Published: 21st of September, 2017 by Patrick Carpen
Guyana’s history is a complicated story. It was colonized by the French, Dutch, and British at different points in history. However, the country had been existing for thousands of years before the arrival of the Europeans to Guyana’s shores.
And what about the Spanish? Well, although the Spanish never colonized Guyana, neighboring Venezuela has a border dispute with Guyana. They are claiming nearly two-thirds of the entire country called the Essequibo – everything west of the Essequibo River. Guyana has referred the case to the International Court of Justice following blatant threats by the Venezuelan government. So while Guyana was never colonized by the Spanish, Spanish “conquistores” still stake a claim on what is legitimately Guyana. They couldn’t take it from the British due to the formidable British military, but after Independence, Caracas has reared its ugly head over the Essequibo once again, and it is only fear of international repercussion that is keeping them at bay.
Venezuela’s claim of the Essequibo is outright ridiculous as the territory has always been administered by Guyana, and Venezuela has no hold on the Essequibo. The language spoken across the Essequibo has always been English.
The indigenous peoples, called the Amerindians, were the first people to have lived in Guyana, and historical evidence suggests that they might have been here for about 6000 years. Maintaining a primitive, low tech lifestyle, the indigenous peoples survived by hunting and fishing. Although the indigenous peoples of Guyana were generally never enslaved, the account of the 1763 Berbice Slave Revolt documented by the Dutch states that some indigenous peoples were enslaved by the Dutch, while others performed work for nominal fees, and many worked as mercenaries during the 1763 Slave Revolt.
I mentioned that the indigenous peoples “survived” by hunting, farming, and fishing for thousands of years. I used the past tense because most indigenous people are not resistant to change. Many of them seek change. Indigenous people in general do not resist technology – they embrace it. Indigenous peoples of Guyana have intermarried extensively with just about every other race in Guyana. Indigenous people now hold jobs in education, journalism, law, banking, education, and many other “civilized” areas. Further, there are many indigenous people who own vehicles and work in private transportation. In this context, the indigenous people of Guyana are not fanatical about the indigenous lifestyle. Nevertheless, there are indigenous groups and organizations, such as the South Rupununi District Council, which seek to preserve and promote the primitive indigenous lifestyle.
After the Dutch ceded Guyana to the British, the British empire continued the slave driving legacy of the Dutch. However, with the abolition of slavery in 1838, the British looked to India for cheap labor. They found the “coolies” who were hard workers, and who were willing to work cheap. Thus happened the influx of East Indians to Guyana’s shore. However, before importing East Indian laborers, the British had tried their hands with the Chinese and Portuguese. Although Portuguese are technically Europeans, they are still listed as a separate race or ethnic group from their French, Dutch, and British European counterparts. We’ll discuss this in another article.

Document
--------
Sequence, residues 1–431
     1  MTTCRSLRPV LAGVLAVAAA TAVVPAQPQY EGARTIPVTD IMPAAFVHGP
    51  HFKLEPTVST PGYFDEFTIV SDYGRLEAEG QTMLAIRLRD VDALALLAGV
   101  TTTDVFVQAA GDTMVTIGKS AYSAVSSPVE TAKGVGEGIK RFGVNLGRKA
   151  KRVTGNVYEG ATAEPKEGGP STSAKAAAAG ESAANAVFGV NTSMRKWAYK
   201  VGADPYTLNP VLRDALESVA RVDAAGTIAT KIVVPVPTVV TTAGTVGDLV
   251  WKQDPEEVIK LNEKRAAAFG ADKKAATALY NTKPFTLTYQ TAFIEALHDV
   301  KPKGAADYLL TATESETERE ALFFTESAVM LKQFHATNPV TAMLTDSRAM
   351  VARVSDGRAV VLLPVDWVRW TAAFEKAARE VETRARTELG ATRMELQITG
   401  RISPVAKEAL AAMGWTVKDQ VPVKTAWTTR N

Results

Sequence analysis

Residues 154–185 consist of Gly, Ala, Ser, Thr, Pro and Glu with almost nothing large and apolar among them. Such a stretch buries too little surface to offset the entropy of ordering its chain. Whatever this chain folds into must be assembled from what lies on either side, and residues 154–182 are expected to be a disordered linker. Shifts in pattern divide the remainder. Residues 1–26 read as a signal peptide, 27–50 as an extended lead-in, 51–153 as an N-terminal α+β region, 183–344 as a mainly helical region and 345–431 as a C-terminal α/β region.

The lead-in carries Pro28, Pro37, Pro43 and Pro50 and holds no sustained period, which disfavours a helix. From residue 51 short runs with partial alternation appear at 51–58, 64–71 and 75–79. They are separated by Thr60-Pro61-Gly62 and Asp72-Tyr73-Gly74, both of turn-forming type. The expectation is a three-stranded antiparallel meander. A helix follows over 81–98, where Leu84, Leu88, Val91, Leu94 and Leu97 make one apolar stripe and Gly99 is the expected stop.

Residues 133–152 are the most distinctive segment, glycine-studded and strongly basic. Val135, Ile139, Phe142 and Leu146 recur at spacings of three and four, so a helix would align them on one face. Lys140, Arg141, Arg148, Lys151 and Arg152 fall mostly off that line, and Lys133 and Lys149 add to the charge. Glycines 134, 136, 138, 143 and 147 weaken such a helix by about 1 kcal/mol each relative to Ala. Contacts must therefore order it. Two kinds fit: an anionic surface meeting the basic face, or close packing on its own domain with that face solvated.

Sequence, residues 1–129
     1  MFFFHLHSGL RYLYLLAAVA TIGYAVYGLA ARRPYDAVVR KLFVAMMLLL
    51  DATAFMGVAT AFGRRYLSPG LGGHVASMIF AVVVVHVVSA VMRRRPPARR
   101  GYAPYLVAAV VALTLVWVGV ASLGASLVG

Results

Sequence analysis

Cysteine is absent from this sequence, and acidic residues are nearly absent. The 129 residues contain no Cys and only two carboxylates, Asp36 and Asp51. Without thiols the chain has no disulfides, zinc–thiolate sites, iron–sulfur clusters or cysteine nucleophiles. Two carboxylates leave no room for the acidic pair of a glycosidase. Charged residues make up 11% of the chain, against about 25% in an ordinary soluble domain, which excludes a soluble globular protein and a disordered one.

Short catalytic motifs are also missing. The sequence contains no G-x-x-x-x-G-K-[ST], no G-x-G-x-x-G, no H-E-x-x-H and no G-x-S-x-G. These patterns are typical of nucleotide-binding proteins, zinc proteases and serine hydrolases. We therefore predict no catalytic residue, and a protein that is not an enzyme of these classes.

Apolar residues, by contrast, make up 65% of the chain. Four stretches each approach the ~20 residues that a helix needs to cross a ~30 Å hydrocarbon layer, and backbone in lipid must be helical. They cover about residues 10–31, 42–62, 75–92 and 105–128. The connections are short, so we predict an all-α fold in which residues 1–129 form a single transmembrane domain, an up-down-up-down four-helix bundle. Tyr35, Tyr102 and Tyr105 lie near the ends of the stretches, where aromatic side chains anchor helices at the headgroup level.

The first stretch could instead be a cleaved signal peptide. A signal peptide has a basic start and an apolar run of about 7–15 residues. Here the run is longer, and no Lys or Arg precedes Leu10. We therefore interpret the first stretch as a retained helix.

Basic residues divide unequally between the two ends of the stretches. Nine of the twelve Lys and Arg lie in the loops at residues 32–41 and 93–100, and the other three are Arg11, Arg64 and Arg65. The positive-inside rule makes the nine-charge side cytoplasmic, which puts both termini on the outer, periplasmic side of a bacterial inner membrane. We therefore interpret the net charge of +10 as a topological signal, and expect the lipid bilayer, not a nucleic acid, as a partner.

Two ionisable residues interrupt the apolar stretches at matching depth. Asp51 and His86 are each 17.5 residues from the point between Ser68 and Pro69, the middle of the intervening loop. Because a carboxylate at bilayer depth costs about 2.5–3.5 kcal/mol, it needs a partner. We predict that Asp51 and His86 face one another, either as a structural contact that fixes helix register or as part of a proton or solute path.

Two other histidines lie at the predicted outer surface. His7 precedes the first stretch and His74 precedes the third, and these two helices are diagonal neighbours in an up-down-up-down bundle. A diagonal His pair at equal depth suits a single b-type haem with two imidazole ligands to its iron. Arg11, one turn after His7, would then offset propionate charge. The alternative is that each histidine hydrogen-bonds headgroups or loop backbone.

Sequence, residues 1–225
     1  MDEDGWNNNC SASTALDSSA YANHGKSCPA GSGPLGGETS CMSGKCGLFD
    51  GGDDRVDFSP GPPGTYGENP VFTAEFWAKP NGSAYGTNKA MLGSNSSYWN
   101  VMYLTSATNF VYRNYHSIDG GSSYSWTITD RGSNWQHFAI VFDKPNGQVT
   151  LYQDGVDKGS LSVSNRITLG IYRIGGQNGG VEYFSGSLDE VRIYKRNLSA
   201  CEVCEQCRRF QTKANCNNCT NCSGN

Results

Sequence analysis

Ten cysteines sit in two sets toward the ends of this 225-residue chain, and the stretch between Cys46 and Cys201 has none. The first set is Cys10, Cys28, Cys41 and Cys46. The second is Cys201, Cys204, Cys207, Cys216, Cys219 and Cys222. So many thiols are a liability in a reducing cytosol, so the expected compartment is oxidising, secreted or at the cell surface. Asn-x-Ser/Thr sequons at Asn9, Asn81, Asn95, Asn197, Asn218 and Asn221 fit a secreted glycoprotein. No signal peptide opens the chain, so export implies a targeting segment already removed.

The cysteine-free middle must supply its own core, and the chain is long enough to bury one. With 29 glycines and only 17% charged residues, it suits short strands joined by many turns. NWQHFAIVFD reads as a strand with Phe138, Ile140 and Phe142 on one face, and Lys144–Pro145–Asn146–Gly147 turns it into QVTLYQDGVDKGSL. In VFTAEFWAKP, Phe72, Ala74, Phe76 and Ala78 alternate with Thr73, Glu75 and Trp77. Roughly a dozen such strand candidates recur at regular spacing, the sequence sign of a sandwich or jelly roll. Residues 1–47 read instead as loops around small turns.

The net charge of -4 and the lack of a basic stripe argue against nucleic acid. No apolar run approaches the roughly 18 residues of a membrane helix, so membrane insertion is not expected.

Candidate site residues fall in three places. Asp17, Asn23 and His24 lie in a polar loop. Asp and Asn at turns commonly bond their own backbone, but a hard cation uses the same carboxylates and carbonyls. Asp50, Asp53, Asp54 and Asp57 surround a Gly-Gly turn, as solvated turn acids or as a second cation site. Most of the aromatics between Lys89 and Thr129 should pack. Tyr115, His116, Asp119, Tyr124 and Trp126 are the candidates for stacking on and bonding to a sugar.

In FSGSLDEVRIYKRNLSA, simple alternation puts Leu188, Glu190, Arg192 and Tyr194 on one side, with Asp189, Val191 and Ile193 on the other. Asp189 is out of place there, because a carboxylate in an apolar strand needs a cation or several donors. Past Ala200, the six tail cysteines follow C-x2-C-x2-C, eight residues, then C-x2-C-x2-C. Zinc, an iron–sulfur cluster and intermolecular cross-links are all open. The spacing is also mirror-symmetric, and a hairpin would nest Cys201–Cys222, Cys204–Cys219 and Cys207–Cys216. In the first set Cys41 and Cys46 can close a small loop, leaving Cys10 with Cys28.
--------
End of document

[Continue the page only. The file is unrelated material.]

At this point, we’ve explained how the six ethnic groups arrived in Guyana. And they are:
- The Europeans (British, French or Dutch)
- The Indigenous (Amerindians)
- The Africans
- The Chinese
- The Portuguese
- The East Indians
Although the Chinese and Portuguese might have been brought to work on the sugar plantations, historical records suggest that some groups of Chinese and Portuguese might have migrated to Guyana with a different mission such as setting up restaurants and other businesses. In addition, those who came to work on the plantation might have switched up and started their own business after getting a foothold in the country.
The East Indians are the ethnic group which worked longest and hardest on the sugar plantations, and they still do to this day, although many of them have branched off into business, education, law, politics, etc. Further, many East Indians, as well as other races, have migrated to the United States and other countries.
During colonial rule, a fraction of East Indians converted to Christianity while some retained their traditional religion of Islam or Hinduism. On the other hand, most Africans converted to Christianity.
Over the centuries, the different ethnic groups of Guyana have inter-married, producing a seventh mix race. This continues to happen at an increasing rate.
Guyana was ruled by the British until 1966 when it was granted Independence after movements by leading politicians Cheddi Jagan and Forbes Burnham. The two led a revolt against the British and rallied the Guyanese people to protest against British rule. After the British granted Independence to Guyana in 1966, Guyana was ruled by the Burnham dictatorship until his death. His successor, Desmond Hoyte, allowed international observers to oversee the first free and fair elections in 1992. Guyana has since been ruled by a democracy with a president elected by the people every five years. The next general elections is scheduled for 2025.